Basel III is third amended and strengthened international bank capital adequacy framework issued in 2010 and updated in 2011, designed to improve on Basel II.
Basel III leverage ratio framework and disclosure requirements were issued in January 2014.
Among other reforms, Basel III aims to reduce moral hazard and the related 'too big to fail' problem.
It also places substantially greater emphasis on harmonised liquidity and funding risk standards.
Basel III has been implemented in the European Union on a phased basis under its Capital Requirements Directives IV and V (CRD IV and CRD V).
The phase-in period ran to 2019.
Important changes introduced by Basel III include:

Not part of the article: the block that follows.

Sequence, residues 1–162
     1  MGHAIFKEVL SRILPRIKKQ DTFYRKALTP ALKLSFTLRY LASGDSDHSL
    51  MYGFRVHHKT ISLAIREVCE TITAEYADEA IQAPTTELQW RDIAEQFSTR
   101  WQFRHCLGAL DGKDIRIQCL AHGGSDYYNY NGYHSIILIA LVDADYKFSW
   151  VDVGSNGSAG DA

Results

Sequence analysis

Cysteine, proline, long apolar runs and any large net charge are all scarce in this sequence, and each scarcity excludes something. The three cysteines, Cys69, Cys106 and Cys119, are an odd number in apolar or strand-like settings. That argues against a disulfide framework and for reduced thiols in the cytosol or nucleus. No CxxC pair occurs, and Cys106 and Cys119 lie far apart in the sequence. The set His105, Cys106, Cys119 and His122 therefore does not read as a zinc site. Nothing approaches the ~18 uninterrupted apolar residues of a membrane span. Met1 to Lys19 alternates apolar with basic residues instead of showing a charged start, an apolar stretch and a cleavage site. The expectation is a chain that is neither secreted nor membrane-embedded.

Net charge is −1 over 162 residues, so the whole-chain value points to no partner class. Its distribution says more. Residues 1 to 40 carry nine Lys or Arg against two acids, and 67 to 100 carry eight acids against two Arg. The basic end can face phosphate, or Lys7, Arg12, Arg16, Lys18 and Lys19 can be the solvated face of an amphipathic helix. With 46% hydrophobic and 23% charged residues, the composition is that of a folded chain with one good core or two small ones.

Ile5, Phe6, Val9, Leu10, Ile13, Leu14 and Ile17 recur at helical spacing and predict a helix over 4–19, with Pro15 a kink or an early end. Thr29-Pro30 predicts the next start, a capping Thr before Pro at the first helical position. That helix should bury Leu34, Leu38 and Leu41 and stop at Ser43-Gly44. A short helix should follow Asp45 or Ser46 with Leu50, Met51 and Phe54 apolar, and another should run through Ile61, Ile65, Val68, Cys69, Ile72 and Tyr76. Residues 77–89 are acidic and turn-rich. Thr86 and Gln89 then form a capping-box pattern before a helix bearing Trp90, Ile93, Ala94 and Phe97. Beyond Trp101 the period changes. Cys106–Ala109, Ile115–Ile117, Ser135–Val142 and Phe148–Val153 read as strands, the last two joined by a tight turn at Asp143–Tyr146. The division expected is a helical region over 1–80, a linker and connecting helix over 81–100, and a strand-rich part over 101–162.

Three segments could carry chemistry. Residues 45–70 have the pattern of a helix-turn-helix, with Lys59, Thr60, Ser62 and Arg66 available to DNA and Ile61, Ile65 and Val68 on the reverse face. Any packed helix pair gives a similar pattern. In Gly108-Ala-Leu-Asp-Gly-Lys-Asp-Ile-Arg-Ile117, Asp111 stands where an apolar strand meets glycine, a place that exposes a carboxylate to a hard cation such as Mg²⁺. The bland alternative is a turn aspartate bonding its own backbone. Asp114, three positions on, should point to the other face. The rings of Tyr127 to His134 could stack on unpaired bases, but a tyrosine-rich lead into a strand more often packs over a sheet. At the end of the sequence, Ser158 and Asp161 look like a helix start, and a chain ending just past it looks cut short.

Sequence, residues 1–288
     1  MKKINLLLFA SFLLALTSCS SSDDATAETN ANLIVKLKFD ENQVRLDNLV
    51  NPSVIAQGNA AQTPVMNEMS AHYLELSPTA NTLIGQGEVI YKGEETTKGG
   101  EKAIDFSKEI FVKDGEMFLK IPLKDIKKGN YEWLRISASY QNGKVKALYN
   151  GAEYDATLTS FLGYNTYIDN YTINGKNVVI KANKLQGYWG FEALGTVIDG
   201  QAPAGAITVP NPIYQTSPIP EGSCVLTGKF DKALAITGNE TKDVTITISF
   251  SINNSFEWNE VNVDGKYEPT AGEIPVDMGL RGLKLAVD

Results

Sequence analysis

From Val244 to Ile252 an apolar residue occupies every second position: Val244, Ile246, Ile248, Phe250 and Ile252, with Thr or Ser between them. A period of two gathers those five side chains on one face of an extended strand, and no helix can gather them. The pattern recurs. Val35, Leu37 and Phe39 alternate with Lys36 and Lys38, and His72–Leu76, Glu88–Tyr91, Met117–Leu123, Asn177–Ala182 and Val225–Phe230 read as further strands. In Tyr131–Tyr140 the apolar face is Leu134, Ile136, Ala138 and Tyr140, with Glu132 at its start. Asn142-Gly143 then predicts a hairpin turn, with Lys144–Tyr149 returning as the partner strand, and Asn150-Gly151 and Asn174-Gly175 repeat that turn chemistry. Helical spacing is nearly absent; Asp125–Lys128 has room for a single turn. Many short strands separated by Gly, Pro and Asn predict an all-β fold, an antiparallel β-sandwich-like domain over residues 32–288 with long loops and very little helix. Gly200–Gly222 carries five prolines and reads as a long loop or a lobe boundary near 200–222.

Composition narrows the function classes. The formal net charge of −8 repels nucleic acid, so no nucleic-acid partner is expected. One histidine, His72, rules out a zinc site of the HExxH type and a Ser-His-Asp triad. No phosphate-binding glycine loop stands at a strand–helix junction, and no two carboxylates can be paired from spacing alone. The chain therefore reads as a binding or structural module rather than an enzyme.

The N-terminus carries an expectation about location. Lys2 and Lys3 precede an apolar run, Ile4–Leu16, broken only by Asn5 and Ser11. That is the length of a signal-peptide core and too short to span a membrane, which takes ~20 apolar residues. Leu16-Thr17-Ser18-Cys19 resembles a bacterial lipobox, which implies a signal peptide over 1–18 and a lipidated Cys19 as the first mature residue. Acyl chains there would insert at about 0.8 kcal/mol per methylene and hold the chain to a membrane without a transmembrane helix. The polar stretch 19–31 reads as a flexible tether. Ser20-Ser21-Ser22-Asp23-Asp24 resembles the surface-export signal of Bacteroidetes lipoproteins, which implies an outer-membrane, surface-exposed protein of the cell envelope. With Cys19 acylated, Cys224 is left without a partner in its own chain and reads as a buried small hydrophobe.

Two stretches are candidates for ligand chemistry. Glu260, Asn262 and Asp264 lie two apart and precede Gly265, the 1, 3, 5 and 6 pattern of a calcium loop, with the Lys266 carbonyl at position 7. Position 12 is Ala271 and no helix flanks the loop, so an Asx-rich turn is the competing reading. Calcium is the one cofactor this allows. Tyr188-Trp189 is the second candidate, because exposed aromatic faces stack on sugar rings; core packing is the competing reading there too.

- Significant increases in requirements for the quality and amounts of capital;
- Capital buffers;
- The Leverage Ratio;
- The Liquidity Coverage Ratio and Net Stable Funding Ratio.
Basel III is sometimes written Basel 3.
Further elements of the Basel III framework were agreed in December 2017. These further elements are sometimes known as Basel IV.
They will be implemented by the sixth Capital Requirements Directive (CRD VI or CRD 6) and the third Capital Requirements Regulation (CRR III or CRR 3).
- Bank supervision
- Basel Committee on Banking Supervision
- Basel II
- Basel 2.5
- Basel IV
- Capital adequacy
- Capital buffer
- CRD IV
- CRD V
- CRD VI
- CRR III
- Financial Stability Board
- Fully loaded Basel III
- Liquidity Coverage Ratio
- Leverage Ratio
- Moral hazard
- Net Stable Funding Ratio
- Sell-side firm
- The future of pooling
- Too Big To Fail
- Volcker Rule